China: Arms deals to China are under scrutiny of members of the Dutch Parliament, because there is still an embargo against the Peoples Republic. The Christian Democrats (CDA) and GreenLeft want to stop Dutch arms trade to China. The reaction of the Dutch government is other EU-members are also exporting, the embargo is unclear and Dutch trade is on unimportant parts of optronic devices.

Defence industry

The consolidation of the Dutch defence-industry is taking place at a national level. Hollandse Signaal Apparaten is still the major arms producing facility in the Netherlands, but two other companies are of growing importance: STORK and the RDM. STORK took over the lion share of military branches of Fokker and the RDM has bought in the recent past the construction and R & D company Nevesbu and DAF Special Products (military trucks and armoured vehicles) and wants to buy the Royal Schelde producing all major naval vessels in the Netherlands.
Government funds are given to De Schelde (Hfl 50 million) to keep the company afloat and Hfl. 150 million as an donation of the Dutch government to the defence-industry to help to get the last in an initial stage involved in the development of the Joint Strike Fighter.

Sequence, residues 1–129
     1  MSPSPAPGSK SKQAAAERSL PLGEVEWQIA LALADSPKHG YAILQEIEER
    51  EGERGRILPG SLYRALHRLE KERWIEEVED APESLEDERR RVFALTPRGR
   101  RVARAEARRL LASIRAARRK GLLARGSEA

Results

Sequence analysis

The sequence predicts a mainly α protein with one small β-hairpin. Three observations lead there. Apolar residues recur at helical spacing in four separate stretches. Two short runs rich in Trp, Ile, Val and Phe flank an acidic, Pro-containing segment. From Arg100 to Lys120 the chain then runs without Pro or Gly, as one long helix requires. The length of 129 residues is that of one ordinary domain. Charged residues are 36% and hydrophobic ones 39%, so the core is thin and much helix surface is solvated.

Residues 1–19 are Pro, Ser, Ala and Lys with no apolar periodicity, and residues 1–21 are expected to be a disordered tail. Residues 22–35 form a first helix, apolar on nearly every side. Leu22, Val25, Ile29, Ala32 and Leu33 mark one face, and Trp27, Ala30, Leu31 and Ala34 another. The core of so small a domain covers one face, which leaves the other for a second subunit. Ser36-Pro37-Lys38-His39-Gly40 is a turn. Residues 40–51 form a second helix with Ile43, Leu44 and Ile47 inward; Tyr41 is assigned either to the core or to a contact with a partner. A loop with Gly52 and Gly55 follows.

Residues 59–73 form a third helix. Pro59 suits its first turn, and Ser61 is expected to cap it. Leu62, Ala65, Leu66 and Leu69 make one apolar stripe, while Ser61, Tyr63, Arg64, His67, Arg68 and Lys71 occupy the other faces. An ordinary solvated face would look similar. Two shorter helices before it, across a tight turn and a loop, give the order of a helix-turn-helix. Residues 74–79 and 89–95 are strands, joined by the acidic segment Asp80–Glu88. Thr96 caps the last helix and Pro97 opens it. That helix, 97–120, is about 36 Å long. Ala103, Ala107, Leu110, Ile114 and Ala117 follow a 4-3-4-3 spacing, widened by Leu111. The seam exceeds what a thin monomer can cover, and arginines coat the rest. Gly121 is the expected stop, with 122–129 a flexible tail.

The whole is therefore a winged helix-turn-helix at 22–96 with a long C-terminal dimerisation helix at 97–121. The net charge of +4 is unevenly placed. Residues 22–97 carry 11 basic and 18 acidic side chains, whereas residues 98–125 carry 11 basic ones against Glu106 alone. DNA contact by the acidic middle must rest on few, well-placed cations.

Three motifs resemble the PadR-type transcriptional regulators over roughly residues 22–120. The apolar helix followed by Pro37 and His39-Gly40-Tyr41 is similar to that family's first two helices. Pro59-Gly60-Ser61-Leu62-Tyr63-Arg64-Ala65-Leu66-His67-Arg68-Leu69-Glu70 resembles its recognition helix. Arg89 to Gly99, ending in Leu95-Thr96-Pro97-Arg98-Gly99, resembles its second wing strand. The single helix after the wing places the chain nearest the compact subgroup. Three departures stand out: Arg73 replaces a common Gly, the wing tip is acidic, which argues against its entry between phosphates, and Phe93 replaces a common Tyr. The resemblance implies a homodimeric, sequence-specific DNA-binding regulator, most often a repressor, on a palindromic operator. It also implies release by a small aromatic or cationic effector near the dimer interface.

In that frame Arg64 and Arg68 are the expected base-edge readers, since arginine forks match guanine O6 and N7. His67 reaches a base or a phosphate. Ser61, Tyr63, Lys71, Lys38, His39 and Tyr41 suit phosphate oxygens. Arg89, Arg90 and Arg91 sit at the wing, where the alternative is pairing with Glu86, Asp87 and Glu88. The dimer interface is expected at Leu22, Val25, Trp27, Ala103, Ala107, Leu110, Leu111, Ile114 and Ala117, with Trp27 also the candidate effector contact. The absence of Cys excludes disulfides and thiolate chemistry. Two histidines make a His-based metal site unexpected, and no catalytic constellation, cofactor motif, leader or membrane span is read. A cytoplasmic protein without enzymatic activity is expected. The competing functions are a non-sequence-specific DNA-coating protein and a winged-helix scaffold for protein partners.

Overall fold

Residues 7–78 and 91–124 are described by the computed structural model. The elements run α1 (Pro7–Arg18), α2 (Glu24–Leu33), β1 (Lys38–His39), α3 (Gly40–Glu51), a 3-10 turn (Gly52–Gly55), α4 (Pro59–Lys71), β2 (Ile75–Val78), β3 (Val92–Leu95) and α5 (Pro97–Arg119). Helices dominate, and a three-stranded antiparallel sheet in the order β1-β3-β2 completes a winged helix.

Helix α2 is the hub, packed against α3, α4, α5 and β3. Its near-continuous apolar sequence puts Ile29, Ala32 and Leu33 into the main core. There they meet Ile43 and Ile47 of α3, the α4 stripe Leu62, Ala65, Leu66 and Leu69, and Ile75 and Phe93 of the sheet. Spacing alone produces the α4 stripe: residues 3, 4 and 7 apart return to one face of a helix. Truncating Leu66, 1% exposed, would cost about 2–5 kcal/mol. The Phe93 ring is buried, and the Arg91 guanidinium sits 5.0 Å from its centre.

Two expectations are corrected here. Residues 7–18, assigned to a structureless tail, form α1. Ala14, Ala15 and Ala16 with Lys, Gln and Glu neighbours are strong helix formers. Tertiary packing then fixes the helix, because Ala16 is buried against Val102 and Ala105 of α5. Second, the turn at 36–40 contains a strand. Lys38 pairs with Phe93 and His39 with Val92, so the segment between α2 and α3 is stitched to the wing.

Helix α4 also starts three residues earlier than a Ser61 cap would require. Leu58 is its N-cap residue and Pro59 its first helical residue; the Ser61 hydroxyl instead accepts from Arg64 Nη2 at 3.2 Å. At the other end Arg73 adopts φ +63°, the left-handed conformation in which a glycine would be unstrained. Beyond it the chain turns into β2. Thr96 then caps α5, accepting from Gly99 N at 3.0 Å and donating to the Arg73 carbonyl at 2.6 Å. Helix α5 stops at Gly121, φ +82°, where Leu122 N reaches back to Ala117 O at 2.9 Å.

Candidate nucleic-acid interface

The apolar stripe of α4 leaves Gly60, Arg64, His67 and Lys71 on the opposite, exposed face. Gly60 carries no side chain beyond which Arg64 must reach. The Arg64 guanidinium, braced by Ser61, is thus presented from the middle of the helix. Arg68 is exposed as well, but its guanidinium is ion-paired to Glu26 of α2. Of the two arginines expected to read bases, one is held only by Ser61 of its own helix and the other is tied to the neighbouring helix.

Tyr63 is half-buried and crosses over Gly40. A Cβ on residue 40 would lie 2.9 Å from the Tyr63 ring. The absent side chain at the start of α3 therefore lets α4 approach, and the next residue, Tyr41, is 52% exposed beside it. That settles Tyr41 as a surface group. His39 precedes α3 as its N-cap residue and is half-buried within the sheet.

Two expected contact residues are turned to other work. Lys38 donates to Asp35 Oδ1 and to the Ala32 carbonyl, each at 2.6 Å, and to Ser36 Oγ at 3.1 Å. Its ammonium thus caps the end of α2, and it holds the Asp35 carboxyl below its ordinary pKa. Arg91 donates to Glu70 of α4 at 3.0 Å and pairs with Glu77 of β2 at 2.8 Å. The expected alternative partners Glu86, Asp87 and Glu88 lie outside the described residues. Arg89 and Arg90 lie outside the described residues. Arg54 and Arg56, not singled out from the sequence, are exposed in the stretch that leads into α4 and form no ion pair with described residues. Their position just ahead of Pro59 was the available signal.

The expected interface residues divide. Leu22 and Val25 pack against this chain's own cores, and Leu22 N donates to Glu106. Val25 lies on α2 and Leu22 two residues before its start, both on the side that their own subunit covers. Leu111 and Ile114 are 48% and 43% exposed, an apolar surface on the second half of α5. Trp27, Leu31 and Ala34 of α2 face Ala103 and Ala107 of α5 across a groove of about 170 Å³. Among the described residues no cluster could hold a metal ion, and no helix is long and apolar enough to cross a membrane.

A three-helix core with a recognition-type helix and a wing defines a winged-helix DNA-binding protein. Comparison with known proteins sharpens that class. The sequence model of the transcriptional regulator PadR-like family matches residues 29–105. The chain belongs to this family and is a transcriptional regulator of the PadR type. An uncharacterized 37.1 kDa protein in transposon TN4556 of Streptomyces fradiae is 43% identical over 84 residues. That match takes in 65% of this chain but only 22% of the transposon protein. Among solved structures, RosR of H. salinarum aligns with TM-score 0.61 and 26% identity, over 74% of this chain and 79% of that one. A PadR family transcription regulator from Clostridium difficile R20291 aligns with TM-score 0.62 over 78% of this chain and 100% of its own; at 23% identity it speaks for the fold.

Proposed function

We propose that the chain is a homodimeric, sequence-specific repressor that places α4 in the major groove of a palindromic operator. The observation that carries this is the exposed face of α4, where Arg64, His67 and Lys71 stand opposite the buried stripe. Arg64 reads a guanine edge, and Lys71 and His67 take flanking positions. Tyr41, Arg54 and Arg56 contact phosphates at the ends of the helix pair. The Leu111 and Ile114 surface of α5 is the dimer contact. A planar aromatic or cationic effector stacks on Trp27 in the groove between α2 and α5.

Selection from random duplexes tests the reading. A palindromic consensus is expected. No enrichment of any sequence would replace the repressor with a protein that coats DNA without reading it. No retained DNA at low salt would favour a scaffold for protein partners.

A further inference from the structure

Future activities

We will have a difficult task to keep arms trade on the agenda. The character of Dutch arms trade is mainly on the level of high tech equipment, which is not the kind of arms the public opinion has in mind when speaking about arms trade and the Dutch government is doing a very good public relations job, stating they are very restrictive on exports. International week of action against the arms trade. We are looking forward to see a positive decision on it by ENAAT and are planning to do an action to place Dutch arms trade in the spotlight. Conference on Dutch arms export to region of tension. Seen the practice of Dutch arms export this is one of the major issues we have to tackle and a conference is the best opportunity. Providing information for demonstrations of the peace movement opposing two arms fairs in the Netherlands: the International Training and Education Exhibition (ITEC) in April (Lockheed Martin, Boeing, Raytheon, British Aerospace, MAK, STN Atlas, Celsius etc. will attend) and the gathering of the umbrella organisation of the Dutch defence-industry in November or October.